Retail investors have been losing faith in India's IPO (initial public offering) market, since many companies going the IPO route have not stayed true to its spirit. There are good reasons for the growing distaste for IPOs. IPOs are often prone to wild swings in share prices on the day of listing. There have been cases of share price manipulation, resulting in huge losses to investors. On the whole, IPOs haven't made money for retail investors. Indeed, since some time, the IPO market seems to be in a state of crisis. Even the year 2014 was quite a dull one for IPOs.
This trend has certainly worried the capital markets regulator Securities and Exchange Board of India (SEBI). Hence to restore the investor's trust SEBI is in process of setting up some new rules to protect the downside for small investors. As reported in Economic Times, the companies coming out with IPOs might have to offer optionally fully convertible debentures (OFCDs) instead of plain vanilla shares to this category.
So how will this option help small investors?
The IPO-bound company will issue OFCD bonds to retail investors in the public issue. These bonds will have fixed tenure. The investors will have an option to convert their debentures into shares if the stock price falls below the issue price after six months of listing. Thus, if the price of a script falls below the pre-determined price, after IPO gets listed, the investor will be able to withdraw money along with the interest, taking the benefit of OFCD. On the other hand, if the price shoots up, the investor can convert it into shares.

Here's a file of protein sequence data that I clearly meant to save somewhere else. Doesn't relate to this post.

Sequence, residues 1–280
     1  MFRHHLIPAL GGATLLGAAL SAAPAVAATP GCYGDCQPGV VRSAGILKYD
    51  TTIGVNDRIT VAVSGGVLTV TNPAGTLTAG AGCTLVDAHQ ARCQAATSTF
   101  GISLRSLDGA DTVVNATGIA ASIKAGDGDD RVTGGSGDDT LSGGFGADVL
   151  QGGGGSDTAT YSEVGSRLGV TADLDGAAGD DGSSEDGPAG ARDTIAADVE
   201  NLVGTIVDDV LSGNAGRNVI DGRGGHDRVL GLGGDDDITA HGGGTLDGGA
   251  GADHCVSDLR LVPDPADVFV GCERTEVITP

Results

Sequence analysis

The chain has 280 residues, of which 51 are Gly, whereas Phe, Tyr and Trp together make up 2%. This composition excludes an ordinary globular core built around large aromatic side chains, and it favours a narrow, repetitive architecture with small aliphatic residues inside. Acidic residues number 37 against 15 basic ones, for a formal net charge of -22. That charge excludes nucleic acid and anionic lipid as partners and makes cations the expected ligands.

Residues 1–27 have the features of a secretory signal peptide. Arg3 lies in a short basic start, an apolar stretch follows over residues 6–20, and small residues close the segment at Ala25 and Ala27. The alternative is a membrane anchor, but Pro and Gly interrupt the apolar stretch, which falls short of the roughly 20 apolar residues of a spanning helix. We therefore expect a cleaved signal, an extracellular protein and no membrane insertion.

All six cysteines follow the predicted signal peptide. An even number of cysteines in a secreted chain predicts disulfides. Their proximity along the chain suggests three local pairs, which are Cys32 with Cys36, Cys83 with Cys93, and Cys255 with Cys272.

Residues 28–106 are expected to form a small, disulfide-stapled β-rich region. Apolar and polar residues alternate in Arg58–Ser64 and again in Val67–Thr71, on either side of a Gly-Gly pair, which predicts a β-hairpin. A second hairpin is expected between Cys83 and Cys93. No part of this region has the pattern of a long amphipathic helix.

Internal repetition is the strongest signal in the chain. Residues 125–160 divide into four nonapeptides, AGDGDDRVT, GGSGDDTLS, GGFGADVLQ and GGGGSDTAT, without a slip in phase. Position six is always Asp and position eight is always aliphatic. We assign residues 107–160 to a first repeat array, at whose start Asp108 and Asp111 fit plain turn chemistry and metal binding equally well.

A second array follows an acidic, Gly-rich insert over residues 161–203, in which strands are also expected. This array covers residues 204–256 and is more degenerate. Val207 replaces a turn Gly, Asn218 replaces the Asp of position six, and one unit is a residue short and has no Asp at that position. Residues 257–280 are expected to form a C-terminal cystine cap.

The said proposal might look to be an appealing option as is it protects the wealth of the investors who tend to see huge erosion in the stocks post the company listing. However here too, one cannot discount the risks involved since the companies have speculative tendencies, which can wipe out the sole purpose of this exercise. For example, OFCD might give an artificial sense of safety to retail investors and make them complacent about investing but this does not warrant any security even after the lock in period. Over and above, this route seems to distort the very nature of equity investment, which involves high risk and high returns. Hence it would be more worthwhile if SEBI takes greater precautions while vetting IPOs and have very strict norms in place in terms of the track record of the company and the quality of its management team.
However, we would like to point out here that the discipline that one needs to follow when investing in listed stocks also applies to IPOs. For investors it would be more important to judge the moat of the business, the sustainability of profits and management quality of the businesses before committing their money.
Because if the fundamentals themselves are shaky, then even OFCDs cannot come to the rescue of investors.